We didn’t find any instances of service monkeys being involved in disruptive incidents aboard airplanes, but perhaps that is because most service monkeys are six to ten pound Capuchins who can fit in a carrier under the seat in front of the passenger, just as more typical pets do.
With incidents like these appearing in the news, and consumers experiencing the ever-closer confines of coach seating, air travel with unusual animals immediately grabs the public’s attention. In particular, air passengers have taken umbrage at other flyers who are seemingly trying to “game the system” and declare their household pets to be emotional support animals to get their animals on-board for free.
In 1986, Congress passed the Air Carrier Access Act, a law intended (in part) to ensure that service animals would be allowed to fly on planes and could not be booted off simply because other passengers object to their presence. Service animals must be under the control of their owners (physically by a leash or cage, or verbally through commands), cannot roam around the cabin, and — contrary to the accidents described in the news stories mentioned above — must be trained not to eliminate on airplanes. For flights of longer than eight hours, the owners must provide written plans for clean disposal of waste.
Although the emergency exit rows with their expanded legroom might seem like a logical place to put a dog or other service animal, those rows must be kept clear at all times for emergencies, so service animals usually end up in the bulkhead rows if they are too large to fit under a seat. Monkeys are the only species permitted by the FAA to travel on a seat instead of the floor (although we’ve read of celebrities purchasing first-class seats for their pet pooches).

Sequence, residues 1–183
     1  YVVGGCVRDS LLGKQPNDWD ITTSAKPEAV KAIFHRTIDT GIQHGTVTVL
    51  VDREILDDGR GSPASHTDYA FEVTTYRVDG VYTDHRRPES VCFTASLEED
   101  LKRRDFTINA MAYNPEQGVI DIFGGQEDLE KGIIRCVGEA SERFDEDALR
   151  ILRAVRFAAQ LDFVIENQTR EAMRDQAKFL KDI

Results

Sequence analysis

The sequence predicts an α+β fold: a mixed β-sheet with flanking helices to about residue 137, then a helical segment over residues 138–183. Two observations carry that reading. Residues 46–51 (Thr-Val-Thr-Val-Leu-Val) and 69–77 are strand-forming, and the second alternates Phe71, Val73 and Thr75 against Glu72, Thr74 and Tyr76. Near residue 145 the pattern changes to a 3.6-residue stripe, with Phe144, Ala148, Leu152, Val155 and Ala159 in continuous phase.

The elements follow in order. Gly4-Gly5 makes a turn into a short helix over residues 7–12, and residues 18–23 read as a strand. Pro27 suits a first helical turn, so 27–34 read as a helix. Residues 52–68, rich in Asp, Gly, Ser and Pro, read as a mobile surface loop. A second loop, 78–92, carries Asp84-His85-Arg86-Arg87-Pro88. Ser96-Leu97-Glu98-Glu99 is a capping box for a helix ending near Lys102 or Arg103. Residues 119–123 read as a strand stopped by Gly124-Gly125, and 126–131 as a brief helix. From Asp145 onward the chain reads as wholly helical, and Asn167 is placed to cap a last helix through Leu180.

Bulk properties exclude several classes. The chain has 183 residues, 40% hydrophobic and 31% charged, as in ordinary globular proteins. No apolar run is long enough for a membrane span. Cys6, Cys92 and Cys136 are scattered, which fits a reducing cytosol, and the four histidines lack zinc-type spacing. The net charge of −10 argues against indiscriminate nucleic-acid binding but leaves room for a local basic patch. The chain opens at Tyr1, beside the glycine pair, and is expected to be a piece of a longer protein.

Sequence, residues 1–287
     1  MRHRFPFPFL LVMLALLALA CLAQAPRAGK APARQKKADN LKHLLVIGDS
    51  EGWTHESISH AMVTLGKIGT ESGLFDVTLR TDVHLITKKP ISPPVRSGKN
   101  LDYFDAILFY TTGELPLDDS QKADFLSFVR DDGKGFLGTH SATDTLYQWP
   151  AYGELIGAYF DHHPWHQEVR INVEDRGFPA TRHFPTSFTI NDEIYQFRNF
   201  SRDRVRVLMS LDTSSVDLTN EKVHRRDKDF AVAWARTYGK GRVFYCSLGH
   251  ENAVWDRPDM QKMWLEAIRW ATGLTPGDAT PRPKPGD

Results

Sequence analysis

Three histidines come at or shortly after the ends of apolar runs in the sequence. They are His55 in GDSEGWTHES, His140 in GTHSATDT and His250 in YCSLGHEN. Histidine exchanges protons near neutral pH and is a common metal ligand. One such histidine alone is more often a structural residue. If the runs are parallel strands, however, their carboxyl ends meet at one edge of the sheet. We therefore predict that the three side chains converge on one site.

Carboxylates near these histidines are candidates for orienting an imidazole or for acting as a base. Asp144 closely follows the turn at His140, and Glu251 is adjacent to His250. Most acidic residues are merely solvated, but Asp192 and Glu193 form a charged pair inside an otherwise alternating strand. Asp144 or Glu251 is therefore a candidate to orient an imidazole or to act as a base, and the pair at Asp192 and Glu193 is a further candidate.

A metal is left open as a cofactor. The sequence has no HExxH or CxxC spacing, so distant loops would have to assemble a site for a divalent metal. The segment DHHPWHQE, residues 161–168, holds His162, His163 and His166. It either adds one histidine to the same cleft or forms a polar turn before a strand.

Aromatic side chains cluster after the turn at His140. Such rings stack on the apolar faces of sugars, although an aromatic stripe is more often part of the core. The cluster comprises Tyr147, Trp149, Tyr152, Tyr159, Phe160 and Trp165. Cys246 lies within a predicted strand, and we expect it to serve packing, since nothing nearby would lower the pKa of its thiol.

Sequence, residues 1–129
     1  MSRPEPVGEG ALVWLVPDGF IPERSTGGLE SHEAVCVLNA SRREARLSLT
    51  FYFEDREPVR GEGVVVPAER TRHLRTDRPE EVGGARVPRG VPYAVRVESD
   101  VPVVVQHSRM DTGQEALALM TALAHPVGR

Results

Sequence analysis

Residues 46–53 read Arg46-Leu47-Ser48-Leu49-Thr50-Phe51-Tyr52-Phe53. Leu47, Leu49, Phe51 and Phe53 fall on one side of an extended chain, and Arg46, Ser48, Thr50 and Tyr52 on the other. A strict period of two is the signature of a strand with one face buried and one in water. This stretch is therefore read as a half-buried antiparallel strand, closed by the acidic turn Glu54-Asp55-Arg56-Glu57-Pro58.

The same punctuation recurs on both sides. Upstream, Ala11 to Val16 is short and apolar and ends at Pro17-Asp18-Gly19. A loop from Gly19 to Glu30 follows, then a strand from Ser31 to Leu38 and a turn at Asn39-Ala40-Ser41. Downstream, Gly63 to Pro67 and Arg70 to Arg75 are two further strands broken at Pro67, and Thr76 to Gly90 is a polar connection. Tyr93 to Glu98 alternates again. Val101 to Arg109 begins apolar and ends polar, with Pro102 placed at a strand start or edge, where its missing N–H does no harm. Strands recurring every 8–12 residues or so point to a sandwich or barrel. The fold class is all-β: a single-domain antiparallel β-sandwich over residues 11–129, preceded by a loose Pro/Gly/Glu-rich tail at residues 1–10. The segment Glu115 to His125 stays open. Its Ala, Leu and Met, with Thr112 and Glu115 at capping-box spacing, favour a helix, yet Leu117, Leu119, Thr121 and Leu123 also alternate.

Airlines, thankfully, are allowed to prohibit passage to unusual service animals such as snakes, rodents, ferrets, and spiders. They can also prohibit farm poultry, but Easter — the widow’s turkey mentioned at the beginning of this article — had been classified as a domesticated bird by Delta Airlines and was thus allowed to fly. (It should be noted that Easter flew without incident: he wore a diaper and reportedly “didn’t make a sound.”)
There’s a legal distinction between service animals and emotional support animals. Service animals, usually dogs, are individually trained to assist their owners with disabilities. These include the well-known Seeing Eye Dogs, Hearing Dogs, Psychiatric Service Dogs, Seizure Response Dogs, and dogs who are trained to perform such tasks as pulling a wheelchair, picking up items that have been dropped, reminding a person to take medication, alerting their person to a sound, and so on. Service animals also occasionally include miniature horses such as Cuddles.
Emotional Support Animals (ESA), also known as Comfort Animals, are supposed to be used as part of an emotional therapeutic treatment plan. They do not have specific training to provide tasks on behalf of their humans and are not considered service animals under the American Disabilities Act. They may provide companionship, relieve loneliness, and sometimes help with depression, anxiety, or other phobias. There is no national standardized certification to document the qualifications of an emotional support animal.